ONE of boxing’s time-honoured traditions is for a star amateur to build steadily before being pitched into a big test. Once that might have been for a minor belt, but now they’re for world titles. Thus it is that Shakur Stevenson, brilliant young silver medallist for the USA at the 2016 Rio Olympics, takes professional experience of just 12 fights (all wins, seven early) into a fight on Saturday (October 26) for the vacant WBO featherweight championship, relinquished by Oscar Valdez, who moved up to super-feather.

Venue is the Reno-Sparks Convention Center in Reno, Nevada and opponent is Glendora, California’s Joet Gonzalez, also unbeaten at 23-0 (14).

Stevenson, a skilled southpaw from Newark in New Jersey, is with Top Rank, who promote this show and have a long-established history of developing their prospects at just the right pace.

Shakur Stevenson
Mikey Williams/Top Rank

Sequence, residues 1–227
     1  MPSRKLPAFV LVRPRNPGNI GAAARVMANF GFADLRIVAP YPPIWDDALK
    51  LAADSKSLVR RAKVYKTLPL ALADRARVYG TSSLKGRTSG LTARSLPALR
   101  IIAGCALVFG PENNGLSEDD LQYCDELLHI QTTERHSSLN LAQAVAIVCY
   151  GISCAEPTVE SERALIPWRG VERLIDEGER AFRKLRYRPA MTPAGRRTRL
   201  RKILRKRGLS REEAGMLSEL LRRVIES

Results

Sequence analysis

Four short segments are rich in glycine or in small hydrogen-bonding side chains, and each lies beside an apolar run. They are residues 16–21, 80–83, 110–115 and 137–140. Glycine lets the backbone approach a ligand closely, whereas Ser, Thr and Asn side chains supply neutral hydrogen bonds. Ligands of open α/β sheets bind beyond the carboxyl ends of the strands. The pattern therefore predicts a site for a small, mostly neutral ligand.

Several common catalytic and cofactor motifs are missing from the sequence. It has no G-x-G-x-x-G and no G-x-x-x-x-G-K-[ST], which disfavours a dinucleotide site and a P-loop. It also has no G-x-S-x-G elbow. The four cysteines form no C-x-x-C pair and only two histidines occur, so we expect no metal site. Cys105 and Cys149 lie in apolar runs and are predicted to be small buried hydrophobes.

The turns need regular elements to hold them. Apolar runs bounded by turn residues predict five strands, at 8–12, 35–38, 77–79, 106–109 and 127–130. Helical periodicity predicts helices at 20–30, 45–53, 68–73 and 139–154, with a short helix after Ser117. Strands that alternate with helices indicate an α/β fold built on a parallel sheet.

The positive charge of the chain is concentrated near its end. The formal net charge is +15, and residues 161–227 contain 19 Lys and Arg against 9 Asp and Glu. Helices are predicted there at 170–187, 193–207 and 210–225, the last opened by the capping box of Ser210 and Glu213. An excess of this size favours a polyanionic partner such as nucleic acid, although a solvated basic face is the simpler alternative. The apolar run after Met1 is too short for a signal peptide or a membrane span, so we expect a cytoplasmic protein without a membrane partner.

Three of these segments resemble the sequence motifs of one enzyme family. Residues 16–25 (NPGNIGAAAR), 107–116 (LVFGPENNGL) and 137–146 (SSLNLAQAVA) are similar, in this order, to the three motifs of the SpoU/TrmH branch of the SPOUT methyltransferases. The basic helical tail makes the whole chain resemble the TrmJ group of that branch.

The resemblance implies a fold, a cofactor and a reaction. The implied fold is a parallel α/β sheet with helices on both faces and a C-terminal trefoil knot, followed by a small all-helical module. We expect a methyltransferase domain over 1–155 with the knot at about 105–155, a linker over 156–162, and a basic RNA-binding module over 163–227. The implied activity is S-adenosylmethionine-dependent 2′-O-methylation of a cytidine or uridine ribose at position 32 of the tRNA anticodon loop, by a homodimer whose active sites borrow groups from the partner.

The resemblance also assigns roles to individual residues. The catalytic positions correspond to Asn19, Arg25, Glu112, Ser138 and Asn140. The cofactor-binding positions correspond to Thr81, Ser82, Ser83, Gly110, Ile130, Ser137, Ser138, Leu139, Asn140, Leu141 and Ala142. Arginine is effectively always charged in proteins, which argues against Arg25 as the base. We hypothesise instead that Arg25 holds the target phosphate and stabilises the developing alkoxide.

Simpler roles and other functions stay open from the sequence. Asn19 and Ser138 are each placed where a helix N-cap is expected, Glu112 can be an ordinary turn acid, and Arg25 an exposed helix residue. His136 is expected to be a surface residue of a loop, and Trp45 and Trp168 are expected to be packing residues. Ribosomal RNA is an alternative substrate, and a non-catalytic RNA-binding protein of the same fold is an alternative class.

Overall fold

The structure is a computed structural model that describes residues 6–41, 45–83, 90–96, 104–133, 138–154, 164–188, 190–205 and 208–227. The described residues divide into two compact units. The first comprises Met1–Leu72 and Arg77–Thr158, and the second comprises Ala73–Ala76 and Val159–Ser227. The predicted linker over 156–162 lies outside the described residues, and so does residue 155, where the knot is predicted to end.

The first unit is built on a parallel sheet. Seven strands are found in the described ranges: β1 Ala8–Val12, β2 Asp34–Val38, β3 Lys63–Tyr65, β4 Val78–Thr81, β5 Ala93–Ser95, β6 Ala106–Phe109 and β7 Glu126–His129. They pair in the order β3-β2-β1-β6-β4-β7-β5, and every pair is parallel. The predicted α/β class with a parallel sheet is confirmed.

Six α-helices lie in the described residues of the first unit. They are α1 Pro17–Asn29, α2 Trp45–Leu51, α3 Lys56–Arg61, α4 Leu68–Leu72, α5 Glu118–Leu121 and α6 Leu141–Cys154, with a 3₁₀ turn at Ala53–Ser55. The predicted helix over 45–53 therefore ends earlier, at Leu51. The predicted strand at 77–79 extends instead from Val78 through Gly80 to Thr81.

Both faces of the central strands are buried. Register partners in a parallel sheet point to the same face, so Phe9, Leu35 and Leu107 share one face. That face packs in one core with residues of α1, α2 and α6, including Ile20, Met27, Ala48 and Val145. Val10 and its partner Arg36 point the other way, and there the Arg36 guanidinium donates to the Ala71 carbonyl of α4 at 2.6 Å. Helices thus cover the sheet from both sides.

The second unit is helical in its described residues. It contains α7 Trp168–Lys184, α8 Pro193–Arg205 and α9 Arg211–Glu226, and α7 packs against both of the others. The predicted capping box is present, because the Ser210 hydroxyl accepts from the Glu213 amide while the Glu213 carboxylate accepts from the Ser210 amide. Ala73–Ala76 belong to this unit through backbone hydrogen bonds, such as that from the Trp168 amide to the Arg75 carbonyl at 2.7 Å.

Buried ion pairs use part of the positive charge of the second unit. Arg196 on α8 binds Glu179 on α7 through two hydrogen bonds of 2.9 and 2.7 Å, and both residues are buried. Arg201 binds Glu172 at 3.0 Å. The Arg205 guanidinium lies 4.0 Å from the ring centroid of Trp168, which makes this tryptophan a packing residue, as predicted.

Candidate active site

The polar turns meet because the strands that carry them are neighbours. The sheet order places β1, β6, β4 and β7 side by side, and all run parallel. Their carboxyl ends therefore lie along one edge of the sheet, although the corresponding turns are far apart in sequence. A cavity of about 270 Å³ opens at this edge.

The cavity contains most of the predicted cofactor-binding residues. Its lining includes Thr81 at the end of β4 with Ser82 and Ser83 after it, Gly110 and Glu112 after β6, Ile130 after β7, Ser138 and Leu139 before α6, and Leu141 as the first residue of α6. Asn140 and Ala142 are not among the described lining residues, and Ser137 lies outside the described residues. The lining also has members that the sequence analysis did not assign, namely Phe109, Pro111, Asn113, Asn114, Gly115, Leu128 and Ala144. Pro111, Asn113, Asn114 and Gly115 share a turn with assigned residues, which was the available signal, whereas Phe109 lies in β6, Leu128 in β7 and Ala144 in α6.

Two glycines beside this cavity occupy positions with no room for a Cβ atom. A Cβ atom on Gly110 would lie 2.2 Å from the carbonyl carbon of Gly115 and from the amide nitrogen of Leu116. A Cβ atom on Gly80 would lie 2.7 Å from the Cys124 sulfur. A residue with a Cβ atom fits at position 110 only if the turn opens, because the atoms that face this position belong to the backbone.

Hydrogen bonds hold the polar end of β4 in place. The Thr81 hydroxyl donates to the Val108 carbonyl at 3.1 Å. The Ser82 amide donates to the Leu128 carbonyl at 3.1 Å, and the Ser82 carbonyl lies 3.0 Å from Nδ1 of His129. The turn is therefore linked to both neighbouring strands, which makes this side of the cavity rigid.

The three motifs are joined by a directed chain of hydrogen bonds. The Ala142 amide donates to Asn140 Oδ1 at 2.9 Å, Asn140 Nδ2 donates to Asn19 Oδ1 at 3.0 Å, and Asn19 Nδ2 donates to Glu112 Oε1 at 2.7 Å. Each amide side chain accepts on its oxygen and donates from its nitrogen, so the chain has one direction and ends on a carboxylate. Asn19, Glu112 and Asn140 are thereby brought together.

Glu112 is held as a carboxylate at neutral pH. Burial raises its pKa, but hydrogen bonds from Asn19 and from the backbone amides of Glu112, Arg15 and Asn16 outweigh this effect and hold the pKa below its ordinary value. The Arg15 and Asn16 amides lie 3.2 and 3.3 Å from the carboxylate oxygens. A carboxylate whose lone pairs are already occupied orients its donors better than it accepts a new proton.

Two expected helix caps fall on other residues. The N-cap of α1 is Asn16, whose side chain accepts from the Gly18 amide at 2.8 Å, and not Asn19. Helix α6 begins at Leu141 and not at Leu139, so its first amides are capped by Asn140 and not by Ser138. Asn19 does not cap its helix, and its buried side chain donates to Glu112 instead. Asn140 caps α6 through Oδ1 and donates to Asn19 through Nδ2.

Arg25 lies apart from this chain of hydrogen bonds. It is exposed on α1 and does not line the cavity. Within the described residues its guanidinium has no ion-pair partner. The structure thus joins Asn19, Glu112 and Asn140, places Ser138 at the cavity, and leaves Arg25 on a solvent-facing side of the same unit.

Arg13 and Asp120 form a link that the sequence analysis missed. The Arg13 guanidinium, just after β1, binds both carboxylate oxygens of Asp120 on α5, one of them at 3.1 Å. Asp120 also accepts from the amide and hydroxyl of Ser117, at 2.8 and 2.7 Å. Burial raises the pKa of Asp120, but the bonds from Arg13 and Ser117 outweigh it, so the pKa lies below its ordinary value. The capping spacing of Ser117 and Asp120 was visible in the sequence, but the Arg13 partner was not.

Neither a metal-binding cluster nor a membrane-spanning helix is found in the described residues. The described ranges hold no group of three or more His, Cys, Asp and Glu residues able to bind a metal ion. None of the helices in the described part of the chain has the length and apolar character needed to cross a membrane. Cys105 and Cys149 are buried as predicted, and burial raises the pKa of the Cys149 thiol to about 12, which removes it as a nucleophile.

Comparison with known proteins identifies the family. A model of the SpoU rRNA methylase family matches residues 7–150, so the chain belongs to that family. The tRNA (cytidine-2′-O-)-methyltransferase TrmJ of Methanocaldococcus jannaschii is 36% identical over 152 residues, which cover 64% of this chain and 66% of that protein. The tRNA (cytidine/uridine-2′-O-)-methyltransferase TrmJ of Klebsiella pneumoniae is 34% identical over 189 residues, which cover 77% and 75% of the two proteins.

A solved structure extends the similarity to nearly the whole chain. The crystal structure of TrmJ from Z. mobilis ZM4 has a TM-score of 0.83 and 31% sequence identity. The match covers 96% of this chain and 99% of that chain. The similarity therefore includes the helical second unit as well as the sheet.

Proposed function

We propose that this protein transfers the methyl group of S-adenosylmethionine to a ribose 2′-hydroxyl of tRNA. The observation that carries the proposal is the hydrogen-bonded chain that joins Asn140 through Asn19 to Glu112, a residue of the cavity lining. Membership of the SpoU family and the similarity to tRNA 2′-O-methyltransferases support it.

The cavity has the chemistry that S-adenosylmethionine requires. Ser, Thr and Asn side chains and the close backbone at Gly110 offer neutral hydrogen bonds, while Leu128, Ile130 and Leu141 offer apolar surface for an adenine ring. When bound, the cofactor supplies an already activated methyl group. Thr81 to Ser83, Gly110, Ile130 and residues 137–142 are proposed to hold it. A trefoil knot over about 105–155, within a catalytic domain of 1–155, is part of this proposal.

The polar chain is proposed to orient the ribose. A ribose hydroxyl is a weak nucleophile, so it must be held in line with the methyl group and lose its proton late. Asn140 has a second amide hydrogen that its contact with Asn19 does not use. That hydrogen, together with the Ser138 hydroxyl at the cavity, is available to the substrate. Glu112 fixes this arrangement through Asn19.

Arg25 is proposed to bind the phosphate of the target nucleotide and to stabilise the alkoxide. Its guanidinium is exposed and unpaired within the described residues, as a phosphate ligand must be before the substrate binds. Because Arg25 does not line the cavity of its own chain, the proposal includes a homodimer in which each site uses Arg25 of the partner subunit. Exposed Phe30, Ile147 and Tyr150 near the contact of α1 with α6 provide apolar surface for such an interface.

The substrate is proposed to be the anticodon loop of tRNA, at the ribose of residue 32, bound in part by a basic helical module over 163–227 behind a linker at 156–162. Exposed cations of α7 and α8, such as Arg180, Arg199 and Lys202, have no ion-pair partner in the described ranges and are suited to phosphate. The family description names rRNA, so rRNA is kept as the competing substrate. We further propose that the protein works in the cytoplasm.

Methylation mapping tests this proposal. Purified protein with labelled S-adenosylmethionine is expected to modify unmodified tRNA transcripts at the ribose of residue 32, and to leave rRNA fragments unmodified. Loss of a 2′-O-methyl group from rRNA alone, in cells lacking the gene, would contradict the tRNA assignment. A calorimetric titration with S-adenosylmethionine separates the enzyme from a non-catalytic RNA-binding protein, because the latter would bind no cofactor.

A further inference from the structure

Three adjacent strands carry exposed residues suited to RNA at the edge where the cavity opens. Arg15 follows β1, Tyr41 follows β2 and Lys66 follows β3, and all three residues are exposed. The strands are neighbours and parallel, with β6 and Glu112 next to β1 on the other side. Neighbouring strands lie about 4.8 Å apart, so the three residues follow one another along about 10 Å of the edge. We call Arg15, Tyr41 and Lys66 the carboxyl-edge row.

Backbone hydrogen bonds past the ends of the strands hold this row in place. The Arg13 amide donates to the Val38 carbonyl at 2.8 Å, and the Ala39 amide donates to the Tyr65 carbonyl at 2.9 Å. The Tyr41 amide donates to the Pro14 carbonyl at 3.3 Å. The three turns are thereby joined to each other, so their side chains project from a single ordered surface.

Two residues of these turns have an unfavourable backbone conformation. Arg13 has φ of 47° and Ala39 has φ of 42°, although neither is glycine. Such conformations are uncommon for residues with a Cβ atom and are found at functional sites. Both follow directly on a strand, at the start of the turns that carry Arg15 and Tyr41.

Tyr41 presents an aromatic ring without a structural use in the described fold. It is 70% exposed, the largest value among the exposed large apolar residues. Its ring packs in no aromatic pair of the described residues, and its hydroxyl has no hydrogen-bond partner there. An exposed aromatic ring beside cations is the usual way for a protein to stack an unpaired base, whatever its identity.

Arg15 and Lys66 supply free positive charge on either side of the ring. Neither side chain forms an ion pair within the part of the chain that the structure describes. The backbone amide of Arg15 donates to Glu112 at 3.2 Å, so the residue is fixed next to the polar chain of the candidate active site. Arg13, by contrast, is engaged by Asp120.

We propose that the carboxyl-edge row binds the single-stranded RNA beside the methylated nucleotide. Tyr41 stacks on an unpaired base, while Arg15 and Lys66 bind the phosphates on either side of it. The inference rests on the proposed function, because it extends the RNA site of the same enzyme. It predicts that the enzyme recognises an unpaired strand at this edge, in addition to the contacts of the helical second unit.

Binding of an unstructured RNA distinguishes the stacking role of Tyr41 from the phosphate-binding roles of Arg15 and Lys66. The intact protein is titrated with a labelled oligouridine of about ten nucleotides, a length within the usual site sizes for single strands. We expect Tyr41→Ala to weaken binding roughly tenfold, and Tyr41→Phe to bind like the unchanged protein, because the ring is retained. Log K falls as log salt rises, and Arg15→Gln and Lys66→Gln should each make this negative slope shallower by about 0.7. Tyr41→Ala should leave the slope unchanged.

Shakur boxed a six-rounder on his debut (no four-rounders for him), an eight in his fifth fight, and a 10 in his ninth paid outing.

That brought a first-round stoppage of Viorel Simion, the rugged Romanian who in his prevoous fight had lasted 12 rounds with Scott Quigg (and whose only other loss was on points to Lee Selby).

Two fights later, in April this year, Stevenson notched a 10-round points victory over Christopher Diaz, a Puerto Rican who’d boxed for a world title up at 130lbs.

Gonzalez can’t boast such a pedigree. Promoted by Golden Boy, Joet is four years older at 26 and has boxed pro since 2012. He’s come up without much fanfare, his biggest win being a July 2018 split 10-round decision over Rafael Ramos, a Mexican who seven months later lost unanimously to Leo Santa Cruz for the WBA Super crown. Joet does boast an impressive number of clean knockouts (10) and has a two-inch reach advantage (70 to 68). But Stevenson, two inches taller at 5ft 8ins, has showed no signs of a weak chin – so expect him to use his flashy skills and sharp punching to outbox Gonzalez for a clear points victory.